alexa Assessment of a bovine co-culture, scaffold-free method for growing meniscus-shaped constructs.

Journal of Bioengineering and Bioelectronics

Author(s): Aufderheide AC, Athanasiou KA

Abstract Share this page

Abstract Using a self-assembly (SA), scaffoldless method, five high-density co-cultures with varied ratios of meniscal fibrochondrocytes (MFCs) and articular chondrocytes (ACs) were seeded into novel meniscus-specific, ring-shaped agarose wells. The following ratios of MFCs to ACs were used: 0\% MFC, 25\% MFC, 50\% MFC, 75\% MFC, and 100\% MFC. Over 4 weeks, all ratios of cells self-assembled into three-dimensional constructs with varying mechanobiological and morphological properties. All groups stained for collagen II (Col II), and all groups except the 0\% MFC group stained for collagen I (Col I). It was found that the tensile modulus was proportional to the percentage of MFCs employed. The 100\% MFC group yielded the greatest mechanical stiffness with 432.2 +/- 47 kPa tensile modulus and an ultimate tensile strength of 23.7 +/- 2.4 kPa. On gross inspection, the 50\% MFC constructs were the most similar to our idealized meniscus shape, our primary criterion. A second experiment was performed to examine the anisotropy of constructs as well as to directly compare the scaffoldless, SA method with a poly-glycolic acid (PGA) scaffold-based construct. When compared to PGA constructs, the SA groups were 2-4 times stiffer and stronger in tension. Further, at 8 weeks, SA groups exhibited circumferential fiber bundles similar to native tissue. When pulled in the circumferential direction, the SA group had significantly higher tensile modulus (226 +/- 76 kPa) than when pulled in the radial direction (67 +/- 32 kPa). The PGA constructs had neither a directional collagen fiber orientation nor differences in mechanical properties in the radial or circumferential direction. It is suggested that the geometric constraint imposed by the ring-shaped, nonadhesive mold guides collagen fibril directionality and, thus, alters mechanical properties. Co-culturing ACs and MFCs in this manner appears to be a promising new method for tissue engineering fibrocartilaginous tissues exhibiting a spectrum of mechanical and biomechanical properties. This article was published in Tissue Eng and referenced in Journal of Bioengineering and Bioelectronics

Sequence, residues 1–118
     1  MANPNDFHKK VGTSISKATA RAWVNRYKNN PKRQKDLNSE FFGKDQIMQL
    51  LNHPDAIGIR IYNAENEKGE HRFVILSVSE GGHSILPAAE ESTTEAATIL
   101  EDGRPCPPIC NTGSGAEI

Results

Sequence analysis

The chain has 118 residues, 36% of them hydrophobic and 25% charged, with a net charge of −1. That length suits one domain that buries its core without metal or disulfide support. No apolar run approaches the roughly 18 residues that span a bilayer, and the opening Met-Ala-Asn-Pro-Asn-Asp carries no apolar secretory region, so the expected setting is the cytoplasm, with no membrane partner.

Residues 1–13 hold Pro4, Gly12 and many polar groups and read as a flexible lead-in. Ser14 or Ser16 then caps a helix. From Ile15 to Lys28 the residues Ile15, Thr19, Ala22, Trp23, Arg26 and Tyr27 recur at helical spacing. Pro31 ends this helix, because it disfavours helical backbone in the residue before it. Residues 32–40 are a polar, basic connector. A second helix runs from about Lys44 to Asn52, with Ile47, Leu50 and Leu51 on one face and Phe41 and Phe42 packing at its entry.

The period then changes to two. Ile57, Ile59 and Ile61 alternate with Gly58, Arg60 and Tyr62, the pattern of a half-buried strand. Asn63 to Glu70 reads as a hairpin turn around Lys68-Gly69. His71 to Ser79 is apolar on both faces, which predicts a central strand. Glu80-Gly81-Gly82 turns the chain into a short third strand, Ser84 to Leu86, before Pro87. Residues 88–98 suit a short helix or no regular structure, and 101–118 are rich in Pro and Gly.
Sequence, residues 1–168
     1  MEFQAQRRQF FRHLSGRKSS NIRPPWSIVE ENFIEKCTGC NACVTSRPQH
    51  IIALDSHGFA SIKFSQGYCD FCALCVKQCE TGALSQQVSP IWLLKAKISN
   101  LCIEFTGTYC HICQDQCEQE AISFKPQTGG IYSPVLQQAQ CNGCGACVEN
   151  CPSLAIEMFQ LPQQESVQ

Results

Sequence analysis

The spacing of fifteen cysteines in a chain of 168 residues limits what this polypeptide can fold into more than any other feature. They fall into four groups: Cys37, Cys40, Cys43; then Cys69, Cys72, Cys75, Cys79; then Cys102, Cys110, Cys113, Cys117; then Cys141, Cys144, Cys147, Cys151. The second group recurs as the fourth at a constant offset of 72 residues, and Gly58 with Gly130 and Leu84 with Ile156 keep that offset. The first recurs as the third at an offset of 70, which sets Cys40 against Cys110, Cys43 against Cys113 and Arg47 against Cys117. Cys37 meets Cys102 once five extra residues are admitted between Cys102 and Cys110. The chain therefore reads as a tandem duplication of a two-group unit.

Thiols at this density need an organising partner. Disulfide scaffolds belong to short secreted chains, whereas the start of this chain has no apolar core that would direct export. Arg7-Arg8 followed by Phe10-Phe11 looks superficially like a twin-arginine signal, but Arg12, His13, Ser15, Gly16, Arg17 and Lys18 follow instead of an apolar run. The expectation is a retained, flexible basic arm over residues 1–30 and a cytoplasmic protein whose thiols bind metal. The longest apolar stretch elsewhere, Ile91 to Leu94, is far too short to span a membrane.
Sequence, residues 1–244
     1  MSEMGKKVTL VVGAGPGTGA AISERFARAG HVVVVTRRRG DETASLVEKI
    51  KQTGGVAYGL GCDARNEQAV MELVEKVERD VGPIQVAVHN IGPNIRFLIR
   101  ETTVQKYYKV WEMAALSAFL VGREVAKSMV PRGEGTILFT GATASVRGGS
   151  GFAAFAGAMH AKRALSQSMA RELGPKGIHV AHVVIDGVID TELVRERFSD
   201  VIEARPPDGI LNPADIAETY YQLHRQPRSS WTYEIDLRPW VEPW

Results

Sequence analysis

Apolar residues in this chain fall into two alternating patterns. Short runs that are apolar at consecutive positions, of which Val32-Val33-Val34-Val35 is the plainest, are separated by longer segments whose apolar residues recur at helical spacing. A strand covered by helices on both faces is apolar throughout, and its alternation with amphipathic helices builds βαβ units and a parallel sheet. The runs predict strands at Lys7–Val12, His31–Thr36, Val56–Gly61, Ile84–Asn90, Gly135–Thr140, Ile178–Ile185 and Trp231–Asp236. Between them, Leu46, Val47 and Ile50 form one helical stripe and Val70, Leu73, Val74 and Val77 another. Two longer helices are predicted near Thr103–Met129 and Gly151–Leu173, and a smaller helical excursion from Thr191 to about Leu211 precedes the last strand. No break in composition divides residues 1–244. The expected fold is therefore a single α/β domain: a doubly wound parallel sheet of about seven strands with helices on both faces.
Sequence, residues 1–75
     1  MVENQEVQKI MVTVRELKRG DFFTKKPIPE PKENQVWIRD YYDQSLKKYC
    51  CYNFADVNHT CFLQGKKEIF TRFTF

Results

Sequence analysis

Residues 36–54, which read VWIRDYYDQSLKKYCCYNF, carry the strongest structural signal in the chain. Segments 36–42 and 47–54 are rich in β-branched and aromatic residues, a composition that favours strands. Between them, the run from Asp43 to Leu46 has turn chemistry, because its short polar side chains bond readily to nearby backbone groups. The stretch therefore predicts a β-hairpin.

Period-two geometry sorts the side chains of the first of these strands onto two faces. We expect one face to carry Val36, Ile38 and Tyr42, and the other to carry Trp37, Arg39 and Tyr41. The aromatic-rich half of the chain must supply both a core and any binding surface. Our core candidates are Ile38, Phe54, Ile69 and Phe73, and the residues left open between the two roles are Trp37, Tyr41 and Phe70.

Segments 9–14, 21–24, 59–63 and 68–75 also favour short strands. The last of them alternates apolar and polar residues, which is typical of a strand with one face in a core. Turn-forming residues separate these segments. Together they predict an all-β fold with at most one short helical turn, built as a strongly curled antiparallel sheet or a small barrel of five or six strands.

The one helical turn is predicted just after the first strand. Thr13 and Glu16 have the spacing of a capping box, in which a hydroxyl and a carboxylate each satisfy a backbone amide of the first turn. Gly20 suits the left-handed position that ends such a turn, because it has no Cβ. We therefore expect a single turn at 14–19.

Relevant Expert PPTs

Relevant Speaker PPTs

Peer Reviewed Journals
 
Make the best use of Scientific Research and information from our 700 + peer reviewed, Open Access Journals
International Conferences 2017-18
 
Meet Inspiring Speakers and Experts at our 3000+ Global Annual Meetings

Contact Us

 
© 2008-2017 OMICS International - Open Access Publisher. Best viewed in Mozilla Firefox | Google Chrome | Above IE 7.0 version
adwords